Archaeologists have discovered a huge stash of the oldest tea in the world buried in the tomb of an ancient Chinese emperor. The tea (pictured right) was badly decomposed, but analysis showed only the finest tips (bottom left) had been picked and buried with the emperor. Similar tea was found in a tomb in Tibet (top left) Archaeologists have uncovered the world’s oldest set of tea leaves from the tomb of an ancient Chinese emperor! 

 Living 2,150 years ago in the Western Han Dynasty, Emperor Jing was a major fan of the delicious drink.  Like all the rest of us tea lovers, Emperor Jing understood the power of the tea leaf and its healing/renewing abilities.  

The collection of tea leaves was 42 feet x 8 inches. That is a major tea haul! If you ever tried drinking tea from leaves rather than a lipton bag, you’ll know that it only takes a small amount to go a long way. This amount probably lasted him a long while in the afterworld!  

This particular type of tea, Camellia Sinesis, comes from a type of small evergreen shrub known as a tea tree. The leaves and buds of the tree are used to create a special, expensive green tea.  There are actually two varieties of the tree–one is used to create the Chinese teas (such as White Tea, Oolong, Pu’er, Green Tea, etc.) and the other is used to create Indian Assam teas. The leaves of the tree have long been applied in Chinese traditional medications and as a caffeine provider.  I’m guessing it was pretty easy to bring the emperor over as a tea supporter :)

The tomb was located in Xi’an, China. Xi’an is now world-famous due to the discovery of the Terra Cotta army buried under the local hills and is only about an 8 hour drive from where I live!  I’m really excited; maybe I could see this tea pile :) Emperor Jing’s tomb contained “50,000” terra cotta animals and statues, along with other great treasures.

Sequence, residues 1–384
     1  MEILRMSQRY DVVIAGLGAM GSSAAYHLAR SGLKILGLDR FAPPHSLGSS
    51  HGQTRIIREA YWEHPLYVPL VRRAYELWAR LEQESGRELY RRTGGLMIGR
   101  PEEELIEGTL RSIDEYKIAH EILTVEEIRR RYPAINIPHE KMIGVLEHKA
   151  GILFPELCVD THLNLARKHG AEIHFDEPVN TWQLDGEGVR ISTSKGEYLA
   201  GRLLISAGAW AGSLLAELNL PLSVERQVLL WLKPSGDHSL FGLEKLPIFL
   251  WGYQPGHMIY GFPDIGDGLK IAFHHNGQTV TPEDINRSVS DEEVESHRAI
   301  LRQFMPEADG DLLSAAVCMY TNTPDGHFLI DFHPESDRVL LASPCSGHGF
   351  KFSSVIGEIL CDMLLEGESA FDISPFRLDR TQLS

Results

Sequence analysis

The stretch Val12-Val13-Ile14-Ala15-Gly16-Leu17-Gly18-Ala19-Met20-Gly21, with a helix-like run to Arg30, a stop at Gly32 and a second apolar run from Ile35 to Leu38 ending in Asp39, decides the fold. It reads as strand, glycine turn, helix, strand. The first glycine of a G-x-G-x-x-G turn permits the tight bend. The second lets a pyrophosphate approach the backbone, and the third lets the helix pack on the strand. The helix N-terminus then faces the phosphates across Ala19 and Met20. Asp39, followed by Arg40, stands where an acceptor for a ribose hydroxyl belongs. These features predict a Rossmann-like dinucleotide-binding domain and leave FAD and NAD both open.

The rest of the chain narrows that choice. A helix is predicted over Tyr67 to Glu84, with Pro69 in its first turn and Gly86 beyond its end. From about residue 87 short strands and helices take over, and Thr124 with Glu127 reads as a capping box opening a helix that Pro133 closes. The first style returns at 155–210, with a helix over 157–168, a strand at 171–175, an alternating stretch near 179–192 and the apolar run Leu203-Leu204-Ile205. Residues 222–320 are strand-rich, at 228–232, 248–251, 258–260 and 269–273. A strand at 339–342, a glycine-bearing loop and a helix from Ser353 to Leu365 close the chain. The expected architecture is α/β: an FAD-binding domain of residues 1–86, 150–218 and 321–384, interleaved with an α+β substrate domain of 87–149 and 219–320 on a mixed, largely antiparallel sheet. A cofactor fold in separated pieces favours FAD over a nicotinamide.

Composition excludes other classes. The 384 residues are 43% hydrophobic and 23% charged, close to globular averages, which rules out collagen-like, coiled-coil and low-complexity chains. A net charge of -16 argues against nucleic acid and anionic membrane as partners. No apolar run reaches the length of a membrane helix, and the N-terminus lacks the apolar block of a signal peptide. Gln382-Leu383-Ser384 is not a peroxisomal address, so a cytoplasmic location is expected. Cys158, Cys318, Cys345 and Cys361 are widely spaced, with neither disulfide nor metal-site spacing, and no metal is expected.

The extra amazing thing about the tea beyond its age is the fact that it is some of the earliest proof that researchers have about the Silk Road.  It is believed that the emperor may have traded his tea with Tibet where similar tea remains were found dating not long after.  This shows the the Silk Road probably moved thorugh Tibet at the time.  

Resources:

  1. Daily Mail
  2. Medicine.Net
  3. Wikipedia (Don’t Shoot Me)

Bar Exam Tip #2

30 Jan

When you get to the Multiple Choice Questions, always follow this method:

  1. Read the Answers first and mark off those you know are legally incorrect or that don’t make sense.

  2. Read the Question second and mark off any more wrong answers you notice here (i.e. answers that are true facts but that don’t actually answer the question).

  3. Finally read the Facts.  

Why do this?

Historically, this is the easiest, fastest, and most accurate way to solve any Multiple Choice question. I recomend it to students taking the LSAT, TESOL, IELTS, GRE, GMAT and other exams as well.

There are many reasons for doing the first step at the beginning.

  1. You avoid some of the test traps. Test questions often play mind games. For example: they give you opposite answers, they alter the time limits for a statute of limitations, they add an exception, they change one word. And the facts will point to the wrong conclusion. Don’t let them get to you; You’ve studied the law. Just go with what you remember from your studies and take out any answers you know are legally incorrect before letting the facts distract you.
  2. You avoid the dreaded moment where you think you have the answer and then it isn’t on the list. Your mind blocks up, you can’t get that first solution out of your head, and you bomb it. Know the possibilities, the real possibilities, and read the question to figure out which one fits.